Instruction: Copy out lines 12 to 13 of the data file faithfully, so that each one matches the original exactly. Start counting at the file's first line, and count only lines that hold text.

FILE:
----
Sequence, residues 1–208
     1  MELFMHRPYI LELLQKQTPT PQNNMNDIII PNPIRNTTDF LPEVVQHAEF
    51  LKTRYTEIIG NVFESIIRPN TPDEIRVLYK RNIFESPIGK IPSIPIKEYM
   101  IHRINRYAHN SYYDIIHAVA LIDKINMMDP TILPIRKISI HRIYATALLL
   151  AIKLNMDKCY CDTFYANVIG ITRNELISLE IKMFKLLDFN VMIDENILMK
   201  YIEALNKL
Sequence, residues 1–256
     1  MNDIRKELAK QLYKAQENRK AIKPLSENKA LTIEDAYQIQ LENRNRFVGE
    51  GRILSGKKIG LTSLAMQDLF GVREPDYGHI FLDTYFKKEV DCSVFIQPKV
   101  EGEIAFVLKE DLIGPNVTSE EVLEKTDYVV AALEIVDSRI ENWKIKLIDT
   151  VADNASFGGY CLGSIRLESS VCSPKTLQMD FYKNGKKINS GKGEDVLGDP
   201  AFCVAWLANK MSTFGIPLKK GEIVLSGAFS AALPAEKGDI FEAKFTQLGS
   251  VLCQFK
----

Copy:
   201  AFCVAWLANK MSTFGIPLKK GEIVLSGAFS AALPAEKGDI FEAKFTQLGS
   251  VLCQFK